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What's the difference between a Page and a Story?

Drupal creates two default content types when you install it. These are the Page and Story content types. (Note: the default content types are renamed in Drupal 7 and are not created at all if you choose the "minimal" install profile.) The thinking behind these two content types is that a Page is designed to hold information that is long-lived. For instance, you would create your "About Us" page using the Page content type. A Story is designed to be time-sensitive information that will be short-lived. You might create a Press Release using the Story content type.

Don't get too fixated on the thinking behind these content types. They are, in fact, just a couple of default content types to get you started. When you navigate to admin/content/types/list you will notice that you have the option to edit or delete each type. At the top of the page you will also notice a link to Add content type. To better understand the difference between the two content types, let's take a look at what you can do when you add a new content type. I won't provide extensive details on the individual settings in this blog. However, fear not! Most of the settings are fairly self-explanatory.

Select the link at the top of the content type listing or navigate to admin/content/types/add. First you enter a Name. This name is designed to be descriptive. Then you enter a Type. This is the name by which the Drupal CMS will refer to the content type. Finally, you can enter a Description. This is what appears in the Description column on admin/content/types/list. You may want to put some type of instructions about when to choose the content type in the Description field. The next configuration settings is where things get interesting.

The Submission form settings is where you have your first opportunity to start customizing the content type. You must specify a Title field label. If you want to have a Body field, then specify a Body field label. Otherwise, you can leave the "Body field label" field blank. Then that content type won't have a body field! You might wonder why you would want to do that. But, that's a topic for another blog post. The next option allows you to specify a minimum number of words that the body must contain by using the dropdown list. The final field in this field set gives you a text area that you can use to display instructions when someone is adding or modifying some content.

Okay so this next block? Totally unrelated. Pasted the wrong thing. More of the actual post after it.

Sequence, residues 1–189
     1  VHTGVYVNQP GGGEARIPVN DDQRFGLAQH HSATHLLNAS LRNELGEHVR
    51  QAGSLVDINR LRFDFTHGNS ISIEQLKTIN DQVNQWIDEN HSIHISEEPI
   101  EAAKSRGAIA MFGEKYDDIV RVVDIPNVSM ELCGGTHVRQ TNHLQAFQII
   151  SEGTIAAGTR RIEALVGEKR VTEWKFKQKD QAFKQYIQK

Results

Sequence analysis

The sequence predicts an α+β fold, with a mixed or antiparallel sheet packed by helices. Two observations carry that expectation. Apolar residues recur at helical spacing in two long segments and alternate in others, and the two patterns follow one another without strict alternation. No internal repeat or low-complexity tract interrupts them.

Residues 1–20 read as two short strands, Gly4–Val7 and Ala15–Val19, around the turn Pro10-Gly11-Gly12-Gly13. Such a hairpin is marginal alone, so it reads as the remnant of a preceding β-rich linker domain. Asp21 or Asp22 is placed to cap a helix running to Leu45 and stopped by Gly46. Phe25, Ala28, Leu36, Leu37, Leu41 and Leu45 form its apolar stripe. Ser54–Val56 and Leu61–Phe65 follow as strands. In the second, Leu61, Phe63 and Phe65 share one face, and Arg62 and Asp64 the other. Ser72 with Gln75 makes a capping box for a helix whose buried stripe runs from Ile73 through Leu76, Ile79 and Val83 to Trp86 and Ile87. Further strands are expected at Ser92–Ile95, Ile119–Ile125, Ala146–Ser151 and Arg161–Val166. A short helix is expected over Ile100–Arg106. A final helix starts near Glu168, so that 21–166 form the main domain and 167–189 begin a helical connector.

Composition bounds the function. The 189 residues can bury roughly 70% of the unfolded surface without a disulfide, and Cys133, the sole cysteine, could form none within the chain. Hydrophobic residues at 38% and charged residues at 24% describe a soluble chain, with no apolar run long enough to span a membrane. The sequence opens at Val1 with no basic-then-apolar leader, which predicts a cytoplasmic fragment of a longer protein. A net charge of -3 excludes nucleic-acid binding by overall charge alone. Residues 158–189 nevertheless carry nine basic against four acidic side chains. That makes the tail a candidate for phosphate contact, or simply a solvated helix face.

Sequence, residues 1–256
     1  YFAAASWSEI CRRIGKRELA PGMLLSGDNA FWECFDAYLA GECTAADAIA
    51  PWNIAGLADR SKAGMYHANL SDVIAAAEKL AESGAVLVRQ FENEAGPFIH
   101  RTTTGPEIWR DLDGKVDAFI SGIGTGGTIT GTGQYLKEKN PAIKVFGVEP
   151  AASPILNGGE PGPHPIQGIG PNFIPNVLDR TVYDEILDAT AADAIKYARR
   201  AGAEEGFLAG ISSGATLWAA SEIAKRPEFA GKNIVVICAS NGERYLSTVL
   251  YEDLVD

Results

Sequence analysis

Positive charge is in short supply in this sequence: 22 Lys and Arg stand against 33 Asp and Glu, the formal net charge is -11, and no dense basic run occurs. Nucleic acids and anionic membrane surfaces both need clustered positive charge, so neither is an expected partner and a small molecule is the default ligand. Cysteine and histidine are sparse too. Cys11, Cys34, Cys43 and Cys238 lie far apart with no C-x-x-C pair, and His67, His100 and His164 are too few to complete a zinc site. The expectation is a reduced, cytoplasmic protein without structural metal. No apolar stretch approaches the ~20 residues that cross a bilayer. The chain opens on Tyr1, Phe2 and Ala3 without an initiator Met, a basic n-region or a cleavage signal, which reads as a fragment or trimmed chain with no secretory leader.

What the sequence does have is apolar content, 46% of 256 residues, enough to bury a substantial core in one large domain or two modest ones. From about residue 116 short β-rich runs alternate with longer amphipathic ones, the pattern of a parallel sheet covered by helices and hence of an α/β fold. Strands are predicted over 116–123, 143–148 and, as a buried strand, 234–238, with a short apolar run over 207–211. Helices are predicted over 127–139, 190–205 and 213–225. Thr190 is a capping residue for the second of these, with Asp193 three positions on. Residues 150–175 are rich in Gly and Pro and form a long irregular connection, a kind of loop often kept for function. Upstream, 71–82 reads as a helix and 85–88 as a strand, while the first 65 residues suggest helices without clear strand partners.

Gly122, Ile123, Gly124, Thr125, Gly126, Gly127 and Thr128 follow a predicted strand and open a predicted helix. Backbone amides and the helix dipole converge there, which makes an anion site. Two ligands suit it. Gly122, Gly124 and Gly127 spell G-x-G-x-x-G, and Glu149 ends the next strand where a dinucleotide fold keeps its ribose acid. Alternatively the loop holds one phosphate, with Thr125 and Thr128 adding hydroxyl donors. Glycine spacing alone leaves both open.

These first two field sets were pretty much the same for the Page and Story content types, with the only real difference being the Description in the Identification field set. Let's move on to the next field set.

Note: you are setting the default values for the next two field sets. Visitors assigned to certain roles will have the ability to override these values when they are adding or modifying content. (Roles and permissions are topics for other blog posts.)

The Workflow settings is where the Page and Story content types start to diverge. Both are set to Published. You can use the Published flag to determine whether to display content that has been created. However, the Page content type has "Promoted to front page" unchecked, whereas Story type has it checked. This setting really only makes a difference when you leave your Default front page set to node. This is exactly what I have done with this site, which is why my blog posts show up when you visit the URL. (My blog posts utilize the Blog content type, which is created automatically by the Blog module.) The next two check boxes (Sticky at top of lists, Create new revision) are left unchecked for both Page and Story content types.

In the final field set (Comment settings) the Page content type disabled comments by default, while the Story content type enables them with Read/Write ability. (Note: The Comment module is enabled in the default configuration. If you have disabled it, the Comment settings field set won't appear.)

So, we see that the main difference between a Page and a Story is that a story shows up on the front page of the website and allows comments and a generic page does not. If this seems confusing to you, just play around some. Don't worry, you won't break anything!

Page and Story

The difference between a page or a story is huge. It's black and white. As you mentioned a story is time sensitive and must be heard now. A page can never go stale unless it needs to be rewritten.

Credits: XWeb | Chris Herberte | Andreas Viklund